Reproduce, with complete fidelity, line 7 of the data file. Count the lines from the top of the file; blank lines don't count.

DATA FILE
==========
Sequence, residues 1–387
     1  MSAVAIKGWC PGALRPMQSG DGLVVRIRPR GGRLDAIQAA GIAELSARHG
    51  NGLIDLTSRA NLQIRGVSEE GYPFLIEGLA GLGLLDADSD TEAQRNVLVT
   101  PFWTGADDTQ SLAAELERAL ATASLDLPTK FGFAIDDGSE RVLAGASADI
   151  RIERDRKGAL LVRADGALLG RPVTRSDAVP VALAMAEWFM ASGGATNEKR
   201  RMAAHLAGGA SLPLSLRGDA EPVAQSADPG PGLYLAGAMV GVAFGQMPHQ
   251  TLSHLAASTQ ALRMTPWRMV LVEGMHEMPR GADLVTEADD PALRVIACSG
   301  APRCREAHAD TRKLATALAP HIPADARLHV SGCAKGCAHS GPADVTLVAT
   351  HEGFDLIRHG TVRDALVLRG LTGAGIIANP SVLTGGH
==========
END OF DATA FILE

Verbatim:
   251  TLSHLAASTQ ALRMTPWRMV LVEGMHEMPR GADLVTEADD PALRVIACSG